Friday, April 17, 2015

ALMA Starts Looking

The Atacama Large Millimeter/submillimeter Array (ALMA) radio telescope on the Chajnantor Plateau in Chile has started its observations, with scientists aiming the sprawling array of antennae at known objects to calibrate it.

And it's already started finding things -- at the young star HL Tau it detected concentric rings inside the disc of gas that's probably condensing into planets. That means it's seeing where the planets will probably be whenever they finish forming, which will likely be several million years from now. It measured some surface features on the asteroid Juno by using its array to detect the light the asteroid itself emits rather than the sunlight it reflects (that light is in a part of the spectrum we can't see, which is why a standard telescope wouldn't spot it).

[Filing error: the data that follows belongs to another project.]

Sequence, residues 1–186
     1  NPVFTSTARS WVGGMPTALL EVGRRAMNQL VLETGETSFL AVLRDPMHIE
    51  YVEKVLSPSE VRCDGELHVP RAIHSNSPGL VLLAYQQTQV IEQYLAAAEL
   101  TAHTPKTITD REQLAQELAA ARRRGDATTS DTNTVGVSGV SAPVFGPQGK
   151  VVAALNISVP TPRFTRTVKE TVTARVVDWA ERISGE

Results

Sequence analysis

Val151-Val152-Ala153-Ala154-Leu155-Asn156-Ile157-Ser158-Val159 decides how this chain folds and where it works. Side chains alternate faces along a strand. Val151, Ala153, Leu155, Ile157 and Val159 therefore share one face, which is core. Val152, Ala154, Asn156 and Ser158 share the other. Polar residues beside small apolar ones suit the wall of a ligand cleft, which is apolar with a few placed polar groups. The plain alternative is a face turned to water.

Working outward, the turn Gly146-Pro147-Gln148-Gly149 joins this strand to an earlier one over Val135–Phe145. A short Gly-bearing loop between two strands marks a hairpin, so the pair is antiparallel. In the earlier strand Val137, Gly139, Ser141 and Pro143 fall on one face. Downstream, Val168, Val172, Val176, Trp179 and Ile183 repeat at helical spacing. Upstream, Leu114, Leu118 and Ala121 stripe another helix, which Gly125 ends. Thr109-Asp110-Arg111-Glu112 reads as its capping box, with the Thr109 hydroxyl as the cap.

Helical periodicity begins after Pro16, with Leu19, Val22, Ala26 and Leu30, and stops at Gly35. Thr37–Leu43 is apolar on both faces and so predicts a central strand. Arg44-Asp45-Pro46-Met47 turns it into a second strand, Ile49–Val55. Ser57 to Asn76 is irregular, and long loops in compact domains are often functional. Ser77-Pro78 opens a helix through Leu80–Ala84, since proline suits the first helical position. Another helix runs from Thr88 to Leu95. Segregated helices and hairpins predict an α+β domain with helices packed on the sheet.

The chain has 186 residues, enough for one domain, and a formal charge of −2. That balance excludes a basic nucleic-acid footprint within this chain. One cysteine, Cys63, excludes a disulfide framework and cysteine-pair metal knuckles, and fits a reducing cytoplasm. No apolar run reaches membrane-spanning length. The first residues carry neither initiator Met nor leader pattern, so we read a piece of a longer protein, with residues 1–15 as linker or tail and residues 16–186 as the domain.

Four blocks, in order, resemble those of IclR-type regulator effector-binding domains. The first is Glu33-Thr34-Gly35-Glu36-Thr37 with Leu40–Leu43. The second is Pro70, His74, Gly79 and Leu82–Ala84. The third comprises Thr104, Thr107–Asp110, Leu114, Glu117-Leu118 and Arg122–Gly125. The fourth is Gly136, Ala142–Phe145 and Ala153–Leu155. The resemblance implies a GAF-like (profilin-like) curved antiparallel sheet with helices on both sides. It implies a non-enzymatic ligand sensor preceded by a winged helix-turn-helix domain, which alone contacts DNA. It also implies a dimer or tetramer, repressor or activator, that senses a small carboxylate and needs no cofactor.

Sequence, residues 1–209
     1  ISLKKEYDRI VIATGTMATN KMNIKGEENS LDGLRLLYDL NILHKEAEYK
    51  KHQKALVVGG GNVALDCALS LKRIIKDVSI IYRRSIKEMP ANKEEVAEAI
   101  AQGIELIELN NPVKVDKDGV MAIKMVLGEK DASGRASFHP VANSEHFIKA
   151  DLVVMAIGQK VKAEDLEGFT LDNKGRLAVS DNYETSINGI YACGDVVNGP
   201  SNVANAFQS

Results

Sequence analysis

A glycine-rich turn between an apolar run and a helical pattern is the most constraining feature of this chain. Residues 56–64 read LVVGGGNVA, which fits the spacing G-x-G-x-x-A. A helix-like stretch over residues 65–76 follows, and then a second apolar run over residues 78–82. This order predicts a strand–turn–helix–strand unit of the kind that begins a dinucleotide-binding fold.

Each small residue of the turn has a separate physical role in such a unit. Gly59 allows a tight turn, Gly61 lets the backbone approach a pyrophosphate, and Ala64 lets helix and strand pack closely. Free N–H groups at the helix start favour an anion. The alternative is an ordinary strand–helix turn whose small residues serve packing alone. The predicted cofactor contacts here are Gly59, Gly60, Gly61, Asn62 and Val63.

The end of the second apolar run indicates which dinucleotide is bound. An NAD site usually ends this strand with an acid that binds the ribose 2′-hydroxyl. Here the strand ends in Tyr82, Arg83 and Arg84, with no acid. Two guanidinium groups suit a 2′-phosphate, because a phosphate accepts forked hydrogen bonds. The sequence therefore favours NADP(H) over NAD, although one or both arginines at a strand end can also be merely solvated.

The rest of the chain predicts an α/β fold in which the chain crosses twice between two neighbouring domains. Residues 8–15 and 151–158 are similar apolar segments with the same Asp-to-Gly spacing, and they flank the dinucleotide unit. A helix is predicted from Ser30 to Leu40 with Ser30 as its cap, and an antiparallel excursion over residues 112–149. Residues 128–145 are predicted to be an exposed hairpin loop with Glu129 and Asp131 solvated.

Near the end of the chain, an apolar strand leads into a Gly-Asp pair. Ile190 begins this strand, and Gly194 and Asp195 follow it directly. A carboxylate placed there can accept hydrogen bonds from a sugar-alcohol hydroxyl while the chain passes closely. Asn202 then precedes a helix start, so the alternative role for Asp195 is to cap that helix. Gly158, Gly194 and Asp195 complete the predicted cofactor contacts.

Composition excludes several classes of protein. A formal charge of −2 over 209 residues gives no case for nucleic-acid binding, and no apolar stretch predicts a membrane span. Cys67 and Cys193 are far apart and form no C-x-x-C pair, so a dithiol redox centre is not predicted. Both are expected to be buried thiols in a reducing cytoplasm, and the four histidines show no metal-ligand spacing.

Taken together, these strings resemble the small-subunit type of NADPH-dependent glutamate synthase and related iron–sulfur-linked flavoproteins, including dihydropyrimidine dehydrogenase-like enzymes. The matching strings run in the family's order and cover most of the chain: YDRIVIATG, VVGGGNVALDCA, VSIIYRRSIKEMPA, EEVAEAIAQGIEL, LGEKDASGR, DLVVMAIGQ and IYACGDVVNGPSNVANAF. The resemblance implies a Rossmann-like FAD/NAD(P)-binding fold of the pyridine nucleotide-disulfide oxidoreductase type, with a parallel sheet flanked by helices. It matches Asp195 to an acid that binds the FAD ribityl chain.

If this is what ALMA is finding while it's being tuned up, I am going to make sure my subscription to Astronomy magazine doesn't run out any time in the next twenty-five years, because it's going to be awesome.

No comments: